Keywords

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Philippines; NGO; community; disaster management. The Philippines is very vulnerable to natural disasters because of its natural setting, as well as its socio-economic, political and environmental context - especially its widespread poverty. The Philippines has a well-established institutional and legal framework for disaster management, including built-in mechanisms for participation of the people and NGOs in decision-making and programme implementation. The nature and extent of collaboration with government in disaster preparedness and mitigation issues varies greatly according to their roots, either in past confrontation and political struggles or traditional charity activities. The growing NGO involvement in disaster management has been influenced by this history. Some agencies work well with local government and there is an increasing trend for collaborative work in disaster mitigation and preparedness. Some NGOs, however, retain critical positions. These organisations tend to engage more in advocacy and legal support for communities facing increased risk because of development projects and environmental destruction. Entry points into disaster mitigation and preparedness vary as well. Development-oriented agencies are drawn into these issues when the community members with whom they work face disaster. Relief organisations, too, realise the need for community mobilisation, and are thus drawn towards development roles. Keywords:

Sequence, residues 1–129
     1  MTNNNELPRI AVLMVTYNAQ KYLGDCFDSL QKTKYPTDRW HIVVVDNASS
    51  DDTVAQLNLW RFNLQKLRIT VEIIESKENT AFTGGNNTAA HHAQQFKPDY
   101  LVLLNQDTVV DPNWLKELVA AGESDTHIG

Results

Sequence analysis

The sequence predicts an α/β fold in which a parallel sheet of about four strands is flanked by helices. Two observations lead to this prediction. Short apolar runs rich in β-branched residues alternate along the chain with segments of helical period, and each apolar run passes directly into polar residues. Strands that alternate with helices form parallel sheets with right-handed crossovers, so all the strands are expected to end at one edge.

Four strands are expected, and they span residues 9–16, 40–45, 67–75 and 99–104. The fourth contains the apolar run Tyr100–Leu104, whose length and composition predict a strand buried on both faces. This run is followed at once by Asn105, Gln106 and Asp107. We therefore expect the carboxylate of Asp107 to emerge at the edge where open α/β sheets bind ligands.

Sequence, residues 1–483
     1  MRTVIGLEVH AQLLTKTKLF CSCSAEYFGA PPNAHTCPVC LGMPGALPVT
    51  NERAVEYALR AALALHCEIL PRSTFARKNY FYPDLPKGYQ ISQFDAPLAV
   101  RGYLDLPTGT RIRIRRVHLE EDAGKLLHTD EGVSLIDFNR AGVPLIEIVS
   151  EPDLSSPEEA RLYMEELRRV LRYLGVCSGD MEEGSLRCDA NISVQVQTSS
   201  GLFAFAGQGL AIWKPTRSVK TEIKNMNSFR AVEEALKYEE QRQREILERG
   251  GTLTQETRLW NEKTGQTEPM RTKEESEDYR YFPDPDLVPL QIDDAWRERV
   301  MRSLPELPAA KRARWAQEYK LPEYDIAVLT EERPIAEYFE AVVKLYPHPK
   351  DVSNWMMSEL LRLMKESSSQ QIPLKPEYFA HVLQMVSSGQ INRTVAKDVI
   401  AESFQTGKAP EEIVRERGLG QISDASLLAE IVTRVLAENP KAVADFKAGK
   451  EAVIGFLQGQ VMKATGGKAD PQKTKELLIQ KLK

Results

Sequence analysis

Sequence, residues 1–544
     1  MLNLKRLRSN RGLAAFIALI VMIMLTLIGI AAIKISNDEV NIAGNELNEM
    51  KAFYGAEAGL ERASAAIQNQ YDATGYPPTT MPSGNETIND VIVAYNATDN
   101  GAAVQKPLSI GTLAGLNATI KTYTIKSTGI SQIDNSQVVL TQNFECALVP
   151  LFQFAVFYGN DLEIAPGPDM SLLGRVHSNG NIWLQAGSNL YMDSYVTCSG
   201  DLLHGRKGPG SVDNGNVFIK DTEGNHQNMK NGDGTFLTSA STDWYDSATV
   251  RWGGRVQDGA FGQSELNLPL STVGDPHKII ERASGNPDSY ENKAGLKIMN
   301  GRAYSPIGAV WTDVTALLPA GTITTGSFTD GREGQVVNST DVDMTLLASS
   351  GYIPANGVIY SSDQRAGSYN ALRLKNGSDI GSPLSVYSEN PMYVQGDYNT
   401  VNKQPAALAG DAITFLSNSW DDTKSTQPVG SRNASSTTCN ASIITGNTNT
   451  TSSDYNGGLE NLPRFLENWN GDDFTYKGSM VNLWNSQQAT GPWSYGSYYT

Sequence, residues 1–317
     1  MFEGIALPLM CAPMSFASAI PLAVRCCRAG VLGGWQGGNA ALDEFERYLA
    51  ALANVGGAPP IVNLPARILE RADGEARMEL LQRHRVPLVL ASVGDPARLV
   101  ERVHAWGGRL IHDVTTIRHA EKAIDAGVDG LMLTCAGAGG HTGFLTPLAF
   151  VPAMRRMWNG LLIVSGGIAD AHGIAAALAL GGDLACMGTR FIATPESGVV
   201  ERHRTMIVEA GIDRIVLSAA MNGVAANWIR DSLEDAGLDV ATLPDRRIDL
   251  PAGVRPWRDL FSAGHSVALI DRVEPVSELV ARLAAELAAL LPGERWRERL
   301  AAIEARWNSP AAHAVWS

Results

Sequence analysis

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climate change; disaster management; social capital

Abstract
Community-based disaster preparedness (CBDP) approaches are increasingly important elements of vulnerability reduction and disaster management strategies. They are associated with a policy trend that values the knowledge and capacities of local people and builds on local resources, including social capital. CBDP may be instrumental not only in formulating local coping and adaptation strategies, but also in situating them within wider development planning and debates. In theory, local people can be mobilised to resist unsustainable (vulnerability increasing) forms of development or livelihood practices and to raise local concerns more effectively with political representatives. This paper focuses on the potential of CBDP initiatives to alleviate vulnerability in the context of climate change, and their limitations. It presents evidence from the Philippines that, in the limited forms in which they are currently employed, CBDP initiatives have the potential both to empower and disempower, and warns against treating CBDP as a panacea to disaster management problems.